So, if you are publishing research articles that use computer programs, if you want to claim that you are engaging in science, the programs are in your possession and you will not release them then I would not regard you as a scientist; I would also regard any papers based on the software as null and void.

This is quite a militant position, and does not sound like a scientist speaking. If Ince himself is to be believed (in that published climate research is often based on un-released code), then the reviewers of those papers who recommended publication clearly didn’t think as Ince does – that the code must be released.

Ince may be convinced that scientific software must be publicly-auditable. However, scientific validity ultimately derives from methodological rigour and the reproducibility of results, not from the availability of source code. The latter may be a good idea, but it is not necessary in order to ensure confidence in the science. Other independent researchers should be able to confirm or contradict your results without requiring your source code, because you should have explained all the important details in published papers. (In the event that your results are not reproducible due to a software defect, releasing the source code may help to pinpoint the problem, but that’s after the problem has been noticed.)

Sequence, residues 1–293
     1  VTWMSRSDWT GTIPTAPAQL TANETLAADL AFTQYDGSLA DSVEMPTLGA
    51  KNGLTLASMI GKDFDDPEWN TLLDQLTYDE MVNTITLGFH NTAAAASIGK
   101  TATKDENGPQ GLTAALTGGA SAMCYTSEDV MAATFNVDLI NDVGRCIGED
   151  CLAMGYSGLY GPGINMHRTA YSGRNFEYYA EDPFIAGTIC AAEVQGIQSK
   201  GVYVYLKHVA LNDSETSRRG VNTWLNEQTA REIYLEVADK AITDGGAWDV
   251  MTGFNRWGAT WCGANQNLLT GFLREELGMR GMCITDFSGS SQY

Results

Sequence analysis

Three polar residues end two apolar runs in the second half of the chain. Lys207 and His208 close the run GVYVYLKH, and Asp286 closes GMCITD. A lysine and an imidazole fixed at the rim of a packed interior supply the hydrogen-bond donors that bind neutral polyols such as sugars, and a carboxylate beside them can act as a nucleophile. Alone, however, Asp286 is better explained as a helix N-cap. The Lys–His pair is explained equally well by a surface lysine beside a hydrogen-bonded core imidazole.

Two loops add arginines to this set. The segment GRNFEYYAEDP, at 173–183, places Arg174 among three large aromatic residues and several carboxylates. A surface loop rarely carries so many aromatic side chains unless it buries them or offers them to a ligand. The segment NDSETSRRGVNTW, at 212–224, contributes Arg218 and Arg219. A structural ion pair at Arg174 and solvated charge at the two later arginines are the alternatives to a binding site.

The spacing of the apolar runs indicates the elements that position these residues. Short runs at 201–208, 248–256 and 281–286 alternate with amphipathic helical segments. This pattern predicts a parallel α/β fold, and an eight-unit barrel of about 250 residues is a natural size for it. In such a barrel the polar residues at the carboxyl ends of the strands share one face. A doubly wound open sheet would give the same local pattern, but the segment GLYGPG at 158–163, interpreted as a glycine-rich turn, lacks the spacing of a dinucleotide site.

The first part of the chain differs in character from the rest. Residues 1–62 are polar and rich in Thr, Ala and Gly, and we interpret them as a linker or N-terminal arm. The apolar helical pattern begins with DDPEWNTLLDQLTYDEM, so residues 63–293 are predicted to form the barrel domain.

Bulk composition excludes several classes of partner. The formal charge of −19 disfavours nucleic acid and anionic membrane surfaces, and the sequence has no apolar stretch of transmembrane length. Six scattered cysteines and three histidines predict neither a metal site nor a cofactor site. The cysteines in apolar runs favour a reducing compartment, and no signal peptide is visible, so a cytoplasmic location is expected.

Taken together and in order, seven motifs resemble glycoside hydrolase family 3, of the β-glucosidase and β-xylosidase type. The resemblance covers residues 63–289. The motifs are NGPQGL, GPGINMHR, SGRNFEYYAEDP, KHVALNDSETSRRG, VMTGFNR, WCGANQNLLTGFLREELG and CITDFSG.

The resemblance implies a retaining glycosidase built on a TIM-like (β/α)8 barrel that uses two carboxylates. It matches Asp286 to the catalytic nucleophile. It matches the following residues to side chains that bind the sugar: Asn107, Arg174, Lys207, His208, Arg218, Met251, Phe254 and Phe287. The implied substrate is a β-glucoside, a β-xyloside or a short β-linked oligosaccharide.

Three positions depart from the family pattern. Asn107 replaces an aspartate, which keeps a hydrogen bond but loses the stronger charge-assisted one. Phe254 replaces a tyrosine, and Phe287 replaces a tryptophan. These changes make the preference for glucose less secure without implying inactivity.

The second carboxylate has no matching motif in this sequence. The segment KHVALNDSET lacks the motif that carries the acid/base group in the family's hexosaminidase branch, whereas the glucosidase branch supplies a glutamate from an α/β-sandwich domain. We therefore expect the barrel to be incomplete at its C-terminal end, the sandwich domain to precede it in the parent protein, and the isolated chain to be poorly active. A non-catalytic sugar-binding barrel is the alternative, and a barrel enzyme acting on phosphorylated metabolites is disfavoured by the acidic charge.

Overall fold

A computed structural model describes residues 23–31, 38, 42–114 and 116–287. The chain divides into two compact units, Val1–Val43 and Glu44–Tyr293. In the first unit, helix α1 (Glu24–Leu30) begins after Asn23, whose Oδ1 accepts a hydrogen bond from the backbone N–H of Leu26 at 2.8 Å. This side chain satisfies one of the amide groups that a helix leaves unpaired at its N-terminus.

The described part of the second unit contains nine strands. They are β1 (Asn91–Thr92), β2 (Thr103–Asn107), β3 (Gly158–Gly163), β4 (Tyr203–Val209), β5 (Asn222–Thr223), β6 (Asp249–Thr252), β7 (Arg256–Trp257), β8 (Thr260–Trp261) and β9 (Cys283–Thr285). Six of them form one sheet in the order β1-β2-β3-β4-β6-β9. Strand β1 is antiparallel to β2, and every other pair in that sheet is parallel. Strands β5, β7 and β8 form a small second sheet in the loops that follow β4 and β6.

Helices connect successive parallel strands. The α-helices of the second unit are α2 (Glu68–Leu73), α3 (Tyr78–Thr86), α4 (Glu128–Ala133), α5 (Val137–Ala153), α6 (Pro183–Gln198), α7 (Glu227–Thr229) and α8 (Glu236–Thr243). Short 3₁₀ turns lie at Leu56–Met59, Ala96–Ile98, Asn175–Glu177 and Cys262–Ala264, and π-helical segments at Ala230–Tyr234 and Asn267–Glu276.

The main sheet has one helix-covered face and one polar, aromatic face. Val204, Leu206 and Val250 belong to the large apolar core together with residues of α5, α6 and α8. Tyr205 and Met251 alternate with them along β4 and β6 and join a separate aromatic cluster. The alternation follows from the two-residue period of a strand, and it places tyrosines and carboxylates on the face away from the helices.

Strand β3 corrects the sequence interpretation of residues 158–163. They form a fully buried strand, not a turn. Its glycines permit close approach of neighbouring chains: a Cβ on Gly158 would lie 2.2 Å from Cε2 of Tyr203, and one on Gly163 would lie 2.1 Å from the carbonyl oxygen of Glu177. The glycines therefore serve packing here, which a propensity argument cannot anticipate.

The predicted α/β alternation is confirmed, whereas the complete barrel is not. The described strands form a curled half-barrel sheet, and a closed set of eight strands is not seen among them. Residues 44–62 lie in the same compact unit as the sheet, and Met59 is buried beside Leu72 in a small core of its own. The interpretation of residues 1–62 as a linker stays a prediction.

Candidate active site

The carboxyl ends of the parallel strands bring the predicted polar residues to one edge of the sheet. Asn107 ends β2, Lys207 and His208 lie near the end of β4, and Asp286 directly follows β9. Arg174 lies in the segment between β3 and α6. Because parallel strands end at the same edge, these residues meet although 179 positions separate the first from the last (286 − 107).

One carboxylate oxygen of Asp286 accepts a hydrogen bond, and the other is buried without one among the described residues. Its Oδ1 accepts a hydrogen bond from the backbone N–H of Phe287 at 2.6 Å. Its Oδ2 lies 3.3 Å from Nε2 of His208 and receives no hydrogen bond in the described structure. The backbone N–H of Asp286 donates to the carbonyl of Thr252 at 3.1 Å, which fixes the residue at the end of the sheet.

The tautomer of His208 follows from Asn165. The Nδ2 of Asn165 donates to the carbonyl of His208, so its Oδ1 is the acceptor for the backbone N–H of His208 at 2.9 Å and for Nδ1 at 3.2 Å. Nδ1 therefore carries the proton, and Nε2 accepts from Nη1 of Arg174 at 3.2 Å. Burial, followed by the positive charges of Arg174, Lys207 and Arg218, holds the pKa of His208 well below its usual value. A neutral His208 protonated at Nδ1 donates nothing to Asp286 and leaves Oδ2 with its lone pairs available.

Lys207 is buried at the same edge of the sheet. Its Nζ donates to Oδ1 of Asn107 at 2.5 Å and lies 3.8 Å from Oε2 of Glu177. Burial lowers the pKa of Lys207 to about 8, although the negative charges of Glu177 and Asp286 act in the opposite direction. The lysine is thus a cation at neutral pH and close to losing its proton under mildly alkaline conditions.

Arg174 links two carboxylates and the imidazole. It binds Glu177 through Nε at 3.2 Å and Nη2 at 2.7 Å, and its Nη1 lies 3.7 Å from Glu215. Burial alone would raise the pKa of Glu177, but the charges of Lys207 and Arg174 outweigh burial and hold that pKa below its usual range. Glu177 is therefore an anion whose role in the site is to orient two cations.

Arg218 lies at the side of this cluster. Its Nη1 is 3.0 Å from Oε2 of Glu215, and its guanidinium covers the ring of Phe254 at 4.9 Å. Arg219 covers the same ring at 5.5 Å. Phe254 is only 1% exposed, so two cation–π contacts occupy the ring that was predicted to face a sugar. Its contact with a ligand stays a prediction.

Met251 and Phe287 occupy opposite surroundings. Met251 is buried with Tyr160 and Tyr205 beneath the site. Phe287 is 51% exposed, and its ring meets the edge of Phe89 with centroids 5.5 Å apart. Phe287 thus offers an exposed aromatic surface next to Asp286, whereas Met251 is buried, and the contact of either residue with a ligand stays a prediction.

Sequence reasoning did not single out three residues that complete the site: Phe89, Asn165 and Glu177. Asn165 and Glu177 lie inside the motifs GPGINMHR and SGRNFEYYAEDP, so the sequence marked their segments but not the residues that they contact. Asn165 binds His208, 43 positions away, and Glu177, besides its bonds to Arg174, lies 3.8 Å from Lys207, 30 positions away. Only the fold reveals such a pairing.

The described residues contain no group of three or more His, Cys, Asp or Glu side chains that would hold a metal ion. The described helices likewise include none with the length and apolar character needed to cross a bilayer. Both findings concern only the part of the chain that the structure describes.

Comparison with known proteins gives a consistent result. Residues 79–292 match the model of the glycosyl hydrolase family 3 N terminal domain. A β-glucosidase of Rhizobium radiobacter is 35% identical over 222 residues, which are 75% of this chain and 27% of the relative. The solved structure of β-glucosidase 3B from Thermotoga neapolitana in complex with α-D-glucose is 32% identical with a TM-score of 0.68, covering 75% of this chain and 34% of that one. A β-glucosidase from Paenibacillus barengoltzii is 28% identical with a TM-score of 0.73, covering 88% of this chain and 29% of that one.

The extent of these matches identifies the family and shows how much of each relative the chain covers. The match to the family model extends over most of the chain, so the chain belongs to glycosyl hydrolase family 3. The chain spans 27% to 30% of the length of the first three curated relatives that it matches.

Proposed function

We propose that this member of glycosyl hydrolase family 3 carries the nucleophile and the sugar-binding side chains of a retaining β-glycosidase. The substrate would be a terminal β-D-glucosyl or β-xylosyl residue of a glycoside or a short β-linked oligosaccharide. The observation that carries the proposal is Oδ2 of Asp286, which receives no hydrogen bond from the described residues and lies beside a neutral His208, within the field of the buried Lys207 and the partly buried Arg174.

There was a time before computing power was widely available, when model calculations were evaluated manually. How on Earth did science cope back then, when there was no software to release?

Peer review

I’ve stumbled across yet another “ClimateGate” article (by way of James Delingpole), this one going right for the jugular of science: peer review. The author is journalist Patrick Courrielche, who I hadn’t come across until now.

Courrielche argues that peer review is kaput and is being replaced by what he calls “peer-to-peer review”, an idea that brings to mind community efforts like Wikipedia. This has apparently been catalysed by “ClimateGate”, an event portrayed by the denialist community as something akin to the Coming of the Messiah.

Courrielche asserts that peer review is a old system of control imposed by the “gatekeepers” of the “establishment”, while peer-to-peer review is a new system gifted to us by the “undermedia”. Courrielche has very little time for nuance in the construction of this moralistic dichotomy, and clearly very little idea why peer review exists in the first place.

It should be noted from the start (and many an academic will agree) that peer review is a flawed system. It’s well known that worthwhile papers are rejected from reputable journals from time to time, while the less reputable journals have the opposite problem. Nevertheless, there is a widely-recognised need for at least some form of review system to find any weaknesses in papers before publication. It seems obvious that the people best placed to review any given piece of work are those working in the same field. Peer review acts both as a filter and a means of providing feedback (a sort of last-minute collaborative effort). The reviewers are not some sort of closed secret society bent on stamping their authority on science, as Courrielche seems to imply. Anyone working in the field can be invited by one relevant journal or another to review a paper, and it’s in a journal’s best interests to select the best qualified reviewers.